Tower Safety Equipment 1Service Information

Safety Equipment

Of all tower industry safety equipment, no single piece gets more attention than the full body harness. It does not come in a herringbone pattern yet, but manufacturers are always exploring ways to provide a lighter, more comfortable and functional harness. From memory quick fit connecting buckles and comfortable seat slings to easily accessible lanyard rings, product development  specialists are frequently consulting with field personnel to make their harnesses more climber-friendly with the latest innovations.

Tower Safety Equipment 2In their literature, two manufacturers even discuss how good looking their harness is. Well, we are not quite sure if making a bold fashion statement on the job site will help you get through the day more quickly, but comfort, mobility and safety are primary considerations when you are in your full body harness up to 12 or more hours per day.

One harness doesn’t fit all, in both size and the  intended use. What might be more functional and comfortable for a tower painter may not serve the needs of an erector who is laden with more spudTower Safety Equipment 3 wrenches, equipment and connecting hardware than one individual should have the right to enjoy. Harnesses come with a back D-ring for connection to fall a protection system and a front D-ring for use with a climbing ladder safety system.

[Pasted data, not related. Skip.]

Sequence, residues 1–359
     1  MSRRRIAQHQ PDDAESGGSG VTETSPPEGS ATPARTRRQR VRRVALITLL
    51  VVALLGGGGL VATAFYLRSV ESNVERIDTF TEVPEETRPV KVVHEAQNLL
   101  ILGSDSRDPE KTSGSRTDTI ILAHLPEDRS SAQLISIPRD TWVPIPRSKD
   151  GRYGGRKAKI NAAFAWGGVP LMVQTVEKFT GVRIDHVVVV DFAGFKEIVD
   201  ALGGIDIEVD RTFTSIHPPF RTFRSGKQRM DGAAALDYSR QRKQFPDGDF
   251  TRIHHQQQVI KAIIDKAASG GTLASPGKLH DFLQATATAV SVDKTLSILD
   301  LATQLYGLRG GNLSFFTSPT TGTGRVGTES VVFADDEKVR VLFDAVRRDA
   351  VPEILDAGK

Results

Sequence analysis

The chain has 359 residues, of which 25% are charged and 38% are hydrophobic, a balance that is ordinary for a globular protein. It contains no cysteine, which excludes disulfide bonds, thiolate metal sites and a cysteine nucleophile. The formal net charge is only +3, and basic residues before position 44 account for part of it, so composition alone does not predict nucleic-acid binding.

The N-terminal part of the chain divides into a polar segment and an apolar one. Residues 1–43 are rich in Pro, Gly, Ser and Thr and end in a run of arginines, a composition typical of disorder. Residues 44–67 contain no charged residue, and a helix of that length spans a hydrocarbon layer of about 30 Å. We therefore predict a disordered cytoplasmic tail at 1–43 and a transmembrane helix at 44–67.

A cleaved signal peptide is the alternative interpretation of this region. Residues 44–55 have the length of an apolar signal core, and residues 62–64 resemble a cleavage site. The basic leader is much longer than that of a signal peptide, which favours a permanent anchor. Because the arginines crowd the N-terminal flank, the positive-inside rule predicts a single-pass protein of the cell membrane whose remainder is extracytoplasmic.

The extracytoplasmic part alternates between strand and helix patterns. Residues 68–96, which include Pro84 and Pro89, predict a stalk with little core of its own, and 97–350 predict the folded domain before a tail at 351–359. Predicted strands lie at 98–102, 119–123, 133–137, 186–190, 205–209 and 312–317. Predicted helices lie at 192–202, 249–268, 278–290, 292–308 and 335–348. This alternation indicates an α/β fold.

Safety climbs and other protection devices have been reviewed as a possible contributor to a casualty, but properly maintained and secured, full body harnesses have not come into question. All harnesses are required to meet or exceed numerous industry standards including ANSI Z359, the most stringent compliance standard.

We recommend that you contact our listed safety equipment manufacturers and their distributors to obtain additional Tower Safety Equipment 4 information about their products and services.

CalculatorSafety equipment  pricing is relatively competitive, but some manufacturers offer a wider selection of products. In example, full body harnesses are available from $87.00 to $299.00, because erectors might want to spend additional money for a product that can make their workday considerably more comfortable. However, there are few measurable benefits of a 6’ shock-absorbing lanyard that meets all design codes and regulations. PPE equipment per employee costs the employer in excess of $600.00. Pricing does not include taxes or freight.